#3 – Films in the category of Transgender
Bree, a pre-op transgender woman learns that she fathered a son, now a teenage runaway hustling on the streets of New York. She flies to New York to release him from jail and together they set off on an unexpected road trip to her modest home in Los Angeles.
Director: Duncan Trucker
Writer: Duncan Trucker
Stars: Felicty Huffman, Kevin Zegers, Fionnula Flanagan
A story about Stanley aka Bree, who is in advanced stages of transition and just days away from surgery. She receives a phone call that has a swift impact on her plans when she learns that she has a son from a brief encounter earlier in life. Her child Toby, a hustling drug taker and sometimes prostitute and locked up in a New York jail; his mother having committed suicide, and with nobody to contact he calls his father Stanley (Bree) for help. Bree’s first instinct is to conceal her true identity and refuse to deal with the situation, due to her imminent operation. However, her psychotherapist thinks differently and tells Bree that she needs to deal with her son or forget surgery. Something that Bree cannot ignore and books a flight to New York.
Bree’s character is prim and proper, concerned with the qualities of etiquette, grammer and respect in people. Dressed in a pink skirted suit with a matching wide brimmed hat, bag and shoes, Bree depicts a fairly conservative average woman of the time, perhaps a little old fashioned in more than dress sense. Felicity Huffman adds a great deal to the character and film, not just as transgender Bree, but throughout the film, holding it together in weak points with her excellent and award-winning portrayal. A role I am not sure, is performed by another woman in a film? The story finds its way towards being a road movie, revolving around a green station wagon that she acquires in New York for her return trip to Los Angeles with Toby, who seeks a career as a porn star in guess where – LA!
Bree conceals the truth about herself and that Toby is her son, pretending to be a church missionary worker who is simply doing her duty. Resigning herself that she has no option other than to take Toby with her, albeit, she plans to dump him off to his grandma on the way and fails. Their trip lags a bit here and there, breaking up the long journey with stop overs and meetings with a variety of characters, dealing with some of moody teenager Toby’s unsavoury habits along the way a they head towards LA.
Inadvertently during a very brief stop along the way, Toby becomes aware that Bree is transgender, something that brings a little humor and bonding between the two in what is generally a drawn out road trip. Until circumstances force Bree to head to her parents’ house, where after an initial rebuff she is allowed entrance to the house, meeting her bubbly sister Sydney and parents.
This later section of the film breathes some much need life into the storyline. Bree’s parents, Margret (Fionnula Flanagan) and Murry (Bert Young) hold no great surprises but depict an overpowering mother and father who just wants a quiet life, sister Sydney (Carrie Preston) brings some sanity to the family with a bubbly personality and a shared understanding of their mother. Toby’s presence is a little overwhelming to his grandparents as the unknown grandson and is subsequently invited to stay and make a life with them. Bree and Toby say their goodbyes, leaving to finish the last leg of their trip to LA and the home of Bree. Upon their arrival, Toby’s ambition to be porn star and draws him quickly away to a build an independent life, leaving Bree to undergo surgery. The story ends on a positive note with Toby making an unannounced visit, which although a little prickly from the moment Bree opens the door, it allows us the observe what appears to be the beginning of a better relationship, as they sit on the sofa drinking a beer together.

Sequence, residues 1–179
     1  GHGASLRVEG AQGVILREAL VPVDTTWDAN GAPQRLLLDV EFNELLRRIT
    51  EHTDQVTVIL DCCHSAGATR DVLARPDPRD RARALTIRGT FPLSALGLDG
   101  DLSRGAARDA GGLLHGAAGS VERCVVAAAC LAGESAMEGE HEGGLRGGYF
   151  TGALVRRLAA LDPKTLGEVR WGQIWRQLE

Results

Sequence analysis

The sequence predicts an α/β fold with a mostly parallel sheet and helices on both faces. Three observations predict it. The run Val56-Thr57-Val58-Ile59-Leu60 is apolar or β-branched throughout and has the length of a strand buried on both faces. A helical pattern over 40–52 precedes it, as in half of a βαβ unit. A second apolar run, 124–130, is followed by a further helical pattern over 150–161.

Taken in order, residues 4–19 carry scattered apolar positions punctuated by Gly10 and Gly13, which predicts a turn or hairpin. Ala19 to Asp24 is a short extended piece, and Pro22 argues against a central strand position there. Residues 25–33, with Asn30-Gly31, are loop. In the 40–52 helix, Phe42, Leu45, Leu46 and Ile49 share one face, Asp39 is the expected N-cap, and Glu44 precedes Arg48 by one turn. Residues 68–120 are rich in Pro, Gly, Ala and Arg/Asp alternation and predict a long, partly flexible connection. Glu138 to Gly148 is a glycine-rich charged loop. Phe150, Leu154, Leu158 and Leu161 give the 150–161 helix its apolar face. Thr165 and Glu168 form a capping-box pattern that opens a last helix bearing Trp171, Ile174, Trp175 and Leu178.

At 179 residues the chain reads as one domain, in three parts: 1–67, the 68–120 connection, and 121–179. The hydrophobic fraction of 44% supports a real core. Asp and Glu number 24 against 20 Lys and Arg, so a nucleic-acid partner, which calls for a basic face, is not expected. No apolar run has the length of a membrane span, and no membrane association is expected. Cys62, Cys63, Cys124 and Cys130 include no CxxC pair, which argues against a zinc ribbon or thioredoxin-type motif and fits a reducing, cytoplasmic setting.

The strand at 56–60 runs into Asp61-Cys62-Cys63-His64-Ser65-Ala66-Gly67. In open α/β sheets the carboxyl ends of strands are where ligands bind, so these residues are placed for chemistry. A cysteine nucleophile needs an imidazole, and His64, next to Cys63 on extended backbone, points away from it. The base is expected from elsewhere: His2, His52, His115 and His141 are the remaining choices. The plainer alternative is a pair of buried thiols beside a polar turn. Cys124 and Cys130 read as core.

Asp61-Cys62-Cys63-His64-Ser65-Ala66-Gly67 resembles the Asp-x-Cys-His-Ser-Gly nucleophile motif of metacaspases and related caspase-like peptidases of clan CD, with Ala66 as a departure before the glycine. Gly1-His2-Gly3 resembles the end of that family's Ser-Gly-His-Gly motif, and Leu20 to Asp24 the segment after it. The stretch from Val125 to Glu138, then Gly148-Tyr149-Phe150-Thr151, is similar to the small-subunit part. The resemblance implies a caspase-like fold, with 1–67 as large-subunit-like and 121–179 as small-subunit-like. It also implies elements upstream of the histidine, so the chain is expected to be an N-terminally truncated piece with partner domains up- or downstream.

For me, this is not so much road movie, or one where you learn about transition or transgender in depth; it plays quite safe by avoiding the truly complex aspects of transgender. It focuses on Bree, her surgery and the development of an unexpected relationship with her newly discovered son. Felicity Huffman delivers a great performance, where at times you are lulled into believing that she as a man in transition. She displays an awkwardness in scenes interacting with people; more so when she visits a group of trans friends with Toby and who are more extrovert than her, embarrassing Bree who is continues to hide her truth from Toby. I watched the whole film and found it a sensitive and touching story at times that made me emotional as points. While it has been described as a ‘Road Movie’ I don’t feel that was the main intention of Duncan Tucker. I see the section where they are together, and on the road, as dealing with the relationship and secrecy between Bree and Toby. How the interaction with people along the way show the two main characters, from vastly different backgrounds dealing with both their newly discovered positions in life, finding themselves to be bonded by blood as parent and child.
Sophie’s rating: Worth watching 8/10
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